Søren Solkær is a Danish photographer, born in 1969, who has gained worldwide renown for his distinctive portraits. He first studied Scandinavian literature, then photography at FAMU, the Academy of Photography and Film, in Prague.
His work has been exhibited in New York, Copenhagen, Sydney, Melbourne, London, Los Angeles, Chicago, Vancouver, Milan, Munich, Prague or Kyoto and is part of the permanent collection of the Danish Royal Library and the National Portrait Collection at Frederiksborg Castle, Denmark. He has now published six books on art photography.
In this interview, he tells us what inspired him to work on Black Sun and why he lived on nothing but rice and bananas for four months for the photography.
4 QUESTIONS TO SØREN SOLKÆR
Can you tell us a little bit about how you became a photographer?
After high school I went travelling for 18 months. Despite a very tight travel budget I bought my first SLR camera and had to live on rice and bananas for 4 months. The camera became my key to meeting the world. I would explore places that I wouldn't have had the guts to enter and approach strangers that my young shy self wouldn’t have dared to confront without a camera around my neck.
After my first travels I studied Nordic literature for a couple of years. I then went travelling for another year. This time photography was my main focus. Upon my return to Denmark I applied to FAMU, the Photo- and Film-Academy in Prague and studied photography there. The following 25 years I became known for my cinematic, stylised portraits of musicians, actors, and filmmakers, from Amy Winehouse, Pharrell Williams, Patti Smith, Paul McCartney to David Lynch.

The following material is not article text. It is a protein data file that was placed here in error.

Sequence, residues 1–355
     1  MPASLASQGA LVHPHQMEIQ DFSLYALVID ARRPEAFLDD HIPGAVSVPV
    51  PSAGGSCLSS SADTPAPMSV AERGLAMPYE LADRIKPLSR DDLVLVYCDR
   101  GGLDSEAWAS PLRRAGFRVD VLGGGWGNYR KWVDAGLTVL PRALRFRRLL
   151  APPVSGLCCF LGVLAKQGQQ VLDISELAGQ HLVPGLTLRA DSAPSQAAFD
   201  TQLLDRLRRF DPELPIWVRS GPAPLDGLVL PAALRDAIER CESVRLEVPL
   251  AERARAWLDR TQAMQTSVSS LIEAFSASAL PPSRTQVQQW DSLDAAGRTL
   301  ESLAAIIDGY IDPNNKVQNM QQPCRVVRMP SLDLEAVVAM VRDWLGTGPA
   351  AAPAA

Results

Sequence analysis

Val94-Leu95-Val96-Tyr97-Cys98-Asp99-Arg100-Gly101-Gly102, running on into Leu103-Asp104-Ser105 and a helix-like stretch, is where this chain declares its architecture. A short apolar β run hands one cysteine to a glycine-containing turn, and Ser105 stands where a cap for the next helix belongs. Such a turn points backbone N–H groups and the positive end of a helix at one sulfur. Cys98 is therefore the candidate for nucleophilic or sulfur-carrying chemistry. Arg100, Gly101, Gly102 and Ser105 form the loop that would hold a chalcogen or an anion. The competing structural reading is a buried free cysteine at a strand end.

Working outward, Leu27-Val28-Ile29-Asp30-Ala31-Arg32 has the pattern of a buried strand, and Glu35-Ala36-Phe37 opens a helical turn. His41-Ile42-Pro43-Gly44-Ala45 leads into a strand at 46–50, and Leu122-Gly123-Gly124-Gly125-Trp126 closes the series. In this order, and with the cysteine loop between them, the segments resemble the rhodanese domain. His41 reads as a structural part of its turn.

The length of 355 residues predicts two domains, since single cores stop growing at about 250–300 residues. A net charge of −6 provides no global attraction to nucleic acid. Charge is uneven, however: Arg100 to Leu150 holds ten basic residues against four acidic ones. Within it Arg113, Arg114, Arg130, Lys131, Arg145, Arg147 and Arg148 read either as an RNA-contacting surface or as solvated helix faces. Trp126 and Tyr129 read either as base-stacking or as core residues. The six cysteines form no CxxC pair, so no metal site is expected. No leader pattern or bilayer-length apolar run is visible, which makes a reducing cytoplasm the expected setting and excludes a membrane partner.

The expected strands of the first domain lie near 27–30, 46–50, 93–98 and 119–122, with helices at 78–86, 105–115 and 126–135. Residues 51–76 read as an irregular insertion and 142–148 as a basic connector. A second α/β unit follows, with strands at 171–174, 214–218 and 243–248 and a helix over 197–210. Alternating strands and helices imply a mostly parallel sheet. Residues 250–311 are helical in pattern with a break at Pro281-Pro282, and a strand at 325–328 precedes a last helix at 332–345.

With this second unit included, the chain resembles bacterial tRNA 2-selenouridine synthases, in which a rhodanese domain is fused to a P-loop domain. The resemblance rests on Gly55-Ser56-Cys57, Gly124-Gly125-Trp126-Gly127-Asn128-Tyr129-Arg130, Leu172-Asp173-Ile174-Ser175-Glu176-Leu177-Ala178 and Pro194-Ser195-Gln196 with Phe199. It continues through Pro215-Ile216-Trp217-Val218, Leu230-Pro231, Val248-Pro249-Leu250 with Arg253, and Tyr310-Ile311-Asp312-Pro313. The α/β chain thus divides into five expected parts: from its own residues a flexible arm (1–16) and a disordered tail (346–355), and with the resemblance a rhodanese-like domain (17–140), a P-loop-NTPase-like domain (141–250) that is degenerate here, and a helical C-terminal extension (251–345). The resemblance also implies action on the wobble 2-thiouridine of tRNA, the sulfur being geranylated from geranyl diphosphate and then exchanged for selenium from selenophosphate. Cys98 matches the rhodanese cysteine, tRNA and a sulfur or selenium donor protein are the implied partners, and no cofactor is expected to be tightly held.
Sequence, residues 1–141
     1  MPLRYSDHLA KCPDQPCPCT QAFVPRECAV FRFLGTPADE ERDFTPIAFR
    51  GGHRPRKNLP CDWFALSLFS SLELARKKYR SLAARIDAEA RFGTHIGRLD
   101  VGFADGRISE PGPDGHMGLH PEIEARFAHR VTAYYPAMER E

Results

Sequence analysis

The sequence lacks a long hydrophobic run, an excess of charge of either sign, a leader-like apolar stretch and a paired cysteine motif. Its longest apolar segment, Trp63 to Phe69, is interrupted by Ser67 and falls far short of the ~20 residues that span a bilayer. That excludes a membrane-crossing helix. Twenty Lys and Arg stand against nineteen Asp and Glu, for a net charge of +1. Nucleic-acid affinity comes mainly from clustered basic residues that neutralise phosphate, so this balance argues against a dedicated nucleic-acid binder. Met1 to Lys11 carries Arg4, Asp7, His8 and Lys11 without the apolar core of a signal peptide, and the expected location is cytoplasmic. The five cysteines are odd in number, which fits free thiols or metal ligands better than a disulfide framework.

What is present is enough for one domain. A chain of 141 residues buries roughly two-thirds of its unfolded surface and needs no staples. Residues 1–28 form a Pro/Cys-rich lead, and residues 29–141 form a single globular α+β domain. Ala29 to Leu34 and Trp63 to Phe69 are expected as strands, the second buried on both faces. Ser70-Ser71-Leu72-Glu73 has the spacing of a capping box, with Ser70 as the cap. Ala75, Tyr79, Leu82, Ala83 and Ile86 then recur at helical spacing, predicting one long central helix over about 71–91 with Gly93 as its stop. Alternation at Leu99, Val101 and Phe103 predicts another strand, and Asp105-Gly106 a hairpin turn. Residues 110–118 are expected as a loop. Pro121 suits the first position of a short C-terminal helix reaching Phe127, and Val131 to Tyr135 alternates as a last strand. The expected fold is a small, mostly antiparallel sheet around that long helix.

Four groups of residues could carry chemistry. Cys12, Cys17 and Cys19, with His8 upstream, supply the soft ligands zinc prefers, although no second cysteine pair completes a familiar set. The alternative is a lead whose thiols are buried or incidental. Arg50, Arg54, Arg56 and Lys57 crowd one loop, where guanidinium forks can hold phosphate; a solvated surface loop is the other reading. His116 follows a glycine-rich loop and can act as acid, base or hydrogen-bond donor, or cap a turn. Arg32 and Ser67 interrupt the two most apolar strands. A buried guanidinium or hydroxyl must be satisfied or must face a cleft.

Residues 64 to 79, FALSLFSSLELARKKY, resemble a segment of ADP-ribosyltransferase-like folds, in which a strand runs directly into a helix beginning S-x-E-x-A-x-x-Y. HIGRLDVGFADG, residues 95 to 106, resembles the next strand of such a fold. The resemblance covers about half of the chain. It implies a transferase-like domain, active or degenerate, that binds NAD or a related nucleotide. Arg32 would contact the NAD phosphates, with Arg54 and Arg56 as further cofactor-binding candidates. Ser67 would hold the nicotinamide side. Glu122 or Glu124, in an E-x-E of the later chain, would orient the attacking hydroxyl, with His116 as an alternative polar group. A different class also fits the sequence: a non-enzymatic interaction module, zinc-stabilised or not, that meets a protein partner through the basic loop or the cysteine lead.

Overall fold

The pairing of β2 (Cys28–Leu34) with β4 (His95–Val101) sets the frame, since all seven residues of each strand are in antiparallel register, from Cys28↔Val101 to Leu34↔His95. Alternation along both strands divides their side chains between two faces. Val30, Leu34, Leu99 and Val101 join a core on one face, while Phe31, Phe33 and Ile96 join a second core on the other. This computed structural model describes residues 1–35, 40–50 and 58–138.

Photo: Søren Solkær
Please share something about your images. What is your special interest? How do you choose the colors, composition, themes etc.?
In 2017 I was working on a 25 year retrospective portrait book and exhibition at the National Portrait Gallery in Denmark. I was going through all my portraits for a year and decided that I wanted to do a new project that was not about portraiture.
The first thing that came to my mind was a dormant memory of a big flock of starlings I had seen flying in intriguing formations as a ten year old. I decided to go to the Wadden Sea on the Danish West Coast where starling murmurations take place in spring and fall.
Photo: Søren Solkær
There are several influences on the project: I have been very inspired by Japanese wood cuts and calligraphy. The big landscapes really remind me of old Romantic painters like Caspar David Friedrich. And then I do have some images that look like splash paintings, or abstract expressionist paintings. The paper that I print on is Japanese handmade kozo washi paper, juniper fibre-based handmade paper that’s made in sheets with a heavy texture. The final works don’t look like photography. It’s almost like printing on some very organic textile, and I think that gives the work an even stronger relationship to painting.
In my work up until this project I have always worked as a director, a creator. I have been in charge of creating concepts, ideas, and moods in my images. With Black Sun I have opened up to connecting with and receiving from nature. I have used my previous earned skills afterwards in the editing process, finding a visual expression for the images, choosing paper to print the images on et.c. All in all it has been a very humbling experience to let go of the control of a project.
Photo: Søren Solkær
How do you get inspired? And what inspires you the most? Films, books, or magazines? Or what surrounds you?
The inspirations for my style as a photographer are ranging from filmmakers David Lynch and Wong Kar-Wai through to the works of photographer Philip-Lorca diCorcia and painter Caspar David Friedrich. Also having a strong sensory relationship with nature is a main inspiration.
What are your plans for the rest of the day?
Going to the gym. Cooking Thai food for my daughters. Going to a lecture tonight entitled: “Therefore you never fall in love with the wrong person.”